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Dubai - United Arab Emirates | Thursday, 25 September 2014

101: Eyeshadow Blending and Application

Hello beauties,

I always get asked about eyeshadows, how you should apply them, what brushes to use for applying the eyeshadow, and how to blend eyeshadow properly. In this post I'll be tackling all those questions.

When it comes to blending there are two basic brushes you should use, a fluffy brush (Bdellium Tool 785) and a blending brush that is pinched in on the sides allowing it to fit perfectly in the crease or to blend eyeshadow flawlessly if flipped on to its side (Bdellium Tools 776). The crease is the area between your brow bone and the eyelid that sinks in.
The fluffy brush is usually less dense and more fluffy, hence the name. Because it is not heavily packed with bristles, the brush picks up less eyeshadow. Therefore, the eyeshadow is applied lightly on the eyelids. Use it with wind wiper motion to get an even layer.
On the other hand, the more 'pinched in' blending brush lacks in the fluffiness department but that is okay. This brush is a must have in every kit. It can be used in two ways that are so different but work hand in hand. Firstly, the pinched sides can perfectly fit into the hollows of the crease allowing eyeshadow to be applied precisely but at the same time blending it just enough. Secondly, when flipped the brush turns into a wide blending brush, used to blend the eyeshadow you just placed in the crease.
As for shadows, simple, when working in the crease and blending ALWAYS use matte shades. The matte shades in the crease are meant to create depth and increase the appearance of sunken hollows. While the light matte colors for blending above the crease and the brow bone are meant to create the gradient from dark in the crease to a lighter shade on the brow bone. This gives you an illusion of smoked out colors that disappear into your skin. If you still see edges then keep blending!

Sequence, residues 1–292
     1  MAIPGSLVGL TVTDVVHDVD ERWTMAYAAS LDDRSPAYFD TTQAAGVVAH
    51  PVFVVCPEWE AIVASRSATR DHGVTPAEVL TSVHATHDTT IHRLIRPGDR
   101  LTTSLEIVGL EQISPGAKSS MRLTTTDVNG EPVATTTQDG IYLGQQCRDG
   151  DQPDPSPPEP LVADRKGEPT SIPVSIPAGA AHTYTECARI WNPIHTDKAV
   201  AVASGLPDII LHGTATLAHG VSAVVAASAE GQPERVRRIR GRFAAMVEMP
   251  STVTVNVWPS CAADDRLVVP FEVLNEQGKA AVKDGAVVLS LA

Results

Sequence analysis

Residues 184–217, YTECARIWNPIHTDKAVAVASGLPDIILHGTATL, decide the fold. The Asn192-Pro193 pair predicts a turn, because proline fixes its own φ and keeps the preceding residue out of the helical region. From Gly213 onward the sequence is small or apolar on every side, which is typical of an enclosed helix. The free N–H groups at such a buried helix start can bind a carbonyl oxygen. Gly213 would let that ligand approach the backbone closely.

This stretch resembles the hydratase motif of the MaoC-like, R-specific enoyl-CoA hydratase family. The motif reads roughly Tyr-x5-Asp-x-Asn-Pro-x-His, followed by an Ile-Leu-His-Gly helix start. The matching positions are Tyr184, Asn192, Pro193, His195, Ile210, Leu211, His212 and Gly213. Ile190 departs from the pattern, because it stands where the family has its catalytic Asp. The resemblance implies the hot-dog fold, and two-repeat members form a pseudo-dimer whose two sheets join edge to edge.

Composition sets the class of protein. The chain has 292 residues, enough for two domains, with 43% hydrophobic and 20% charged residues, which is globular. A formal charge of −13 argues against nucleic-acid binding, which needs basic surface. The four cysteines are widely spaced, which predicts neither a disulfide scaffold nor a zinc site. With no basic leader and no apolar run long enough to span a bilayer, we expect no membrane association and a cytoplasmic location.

Start of with clean and primed eyes. You always have to prime. This is the glue to your eyeshadow.
Take a shadow that is close to your eyelid color. I mixed Cream and White from the Lorac Pro palette because I'm a pale ghost. This shade should be close to your skin tone. If you have a darker skin tone then go for darker eyeshadows.
Apply it all over the lid and up to the brow bone. Doing so reduces the stickiness of the primer and allows for easier blending and less blotchiness of eyeshadow.
I then took a peachy matte eyeshadow. This is what you call a transition color and its blended into the crease up to the brow bone. It is usually not that visible because its around one shade darker than your skin tone. If you have a darker skin tone, you can mix a peachy color like this (see below) with another brown eyeshadow to fit your skin tone.
Using a fluffy brush, blend it from your crease to your brow bone, easy. Its a light color, so no fuss.
Now take a matte shadow, two to three shades darker than the previous shade.
Take your pinched blending brush, apply it in the crease.
Turn the brush to its side (see picture below). Keep blending! See how the color is diffused and no harsh edges are visible.
Now your eye is ready for a nice shimmery eyeshadow on the lid!

That is really all it takes to get a perfectly blended eye. Good brushes, a few matte shadows that work together but are at different darkness levels, and patience.

Don't forget, Keep Blending!

That’s it guys, I hope you learned something new!

Stay tuned for more 101 tutorials...

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  1. Hey sweetie i've nominated you for the one lovely blog award :) check it out on my blog :) xxx


  2. Oh my gosh, THANK YOU FOR THIS.

  3. This is an extremely useful and helpful post, Sarah!. Thank you so much for doing it!. May be you can do a step by step smoky look next time..

    1. I have one coming up in a week or two!!
      You asked at the right time! :D :D